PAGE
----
Stress can be positive...
The pressures and demands that may cause stress can be positive in their effect. Stress (at the right amount) causes a release of adrenaline, the fight – or –fight chemical, in our body. One example of this is where sportsmen and women flood their bodies with adrenaline to power an explosive performance. Adrenaline helps us perform better by concentrating on our task. Another example is where deadlines are used to motivate people who seem bored or unmotivated.
Pressure & Performance
The relationship between pressure and performance is explained in one of the oldest and most important ideas in stress management, the “Inverted-U” relationship between pressure and performance (see diagram). The Inverted-U relationship focuses on people’s performance of a task.
The left hand side of the graph is easy to explain: when there is very little pressure on us to carry out an important task, there is little incentive for us to focus energy and attention on it. This is particularly the case when there may be other, more urgent, or more interesting, tasks competing for attention.
As pressure on us increases, we enter the “area of best performance”. Here, we are able to focus on the task and perform well – there is enough pressure on us to focus our attention but not so much that it disrupts our performance.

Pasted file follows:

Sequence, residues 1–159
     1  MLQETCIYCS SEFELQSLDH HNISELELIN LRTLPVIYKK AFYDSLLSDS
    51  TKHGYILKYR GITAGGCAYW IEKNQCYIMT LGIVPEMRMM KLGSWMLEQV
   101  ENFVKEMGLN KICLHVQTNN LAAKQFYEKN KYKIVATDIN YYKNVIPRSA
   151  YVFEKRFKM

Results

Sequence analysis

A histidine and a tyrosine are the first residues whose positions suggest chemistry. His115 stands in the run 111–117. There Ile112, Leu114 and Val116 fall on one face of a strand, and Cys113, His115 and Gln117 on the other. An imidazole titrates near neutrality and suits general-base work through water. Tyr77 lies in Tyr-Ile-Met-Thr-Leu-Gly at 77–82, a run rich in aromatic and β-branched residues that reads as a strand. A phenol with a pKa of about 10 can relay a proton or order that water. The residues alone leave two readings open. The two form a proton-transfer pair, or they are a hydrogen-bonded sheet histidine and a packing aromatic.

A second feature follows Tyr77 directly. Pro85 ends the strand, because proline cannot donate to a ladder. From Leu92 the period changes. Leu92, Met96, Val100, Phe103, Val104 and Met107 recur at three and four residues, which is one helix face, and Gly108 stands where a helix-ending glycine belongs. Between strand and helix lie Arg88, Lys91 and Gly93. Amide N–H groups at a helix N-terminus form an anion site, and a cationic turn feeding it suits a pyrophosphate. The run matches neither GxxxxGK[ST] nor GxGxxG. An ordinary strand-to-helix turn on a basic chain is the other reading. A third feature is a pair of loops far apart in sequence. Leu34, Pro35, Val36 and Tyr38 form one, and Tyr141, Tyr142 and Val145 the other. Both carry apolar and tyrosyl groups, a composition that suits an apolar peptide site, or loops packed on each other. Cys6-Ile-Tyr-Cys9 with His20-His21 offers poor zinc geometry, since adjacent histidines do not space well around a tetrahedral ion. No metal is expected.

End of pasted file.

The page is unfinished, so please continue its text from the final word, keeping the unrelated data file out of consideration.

The right hand side of the graph, represents work situations jobs, in which our stress responses causes our performance to suffer. This level of stress causes us to blank and forget things. A calm, rational, controlled and sensitive approach is usually called for in dealing with most difficult problems at work. When we are stressed to this level we also tend to become aggressive or depressed and our social inter-relationships are just too complex not to be damaged by an aggressive approach.
This means that it is up to us to keep our stress levels at the 'area of best performance', in order to perform at our best.
Related articles from our experts
- Recovering from traumatic experiences – anxiety, stress and PTSD
Greg Savva, Masters Degree, UKCP, Counselling in Twickenham & Whitton6th October, 2016
- 5 clear signs you're stressed – and what you could do about it?
Jayne Briggs MBACP Accredited, BSc (Hons) Therapeutic Couns. Cert. Couple Couns.6th October, 2016
- Staying present when strong emotions trouble you
Fe Robinson UKCP, MBACP, Dip Clinical Supervision8th September, 2016
Counselling Directory is not responsible for the articles published by members. The views expressed are those of the member who wrote the article.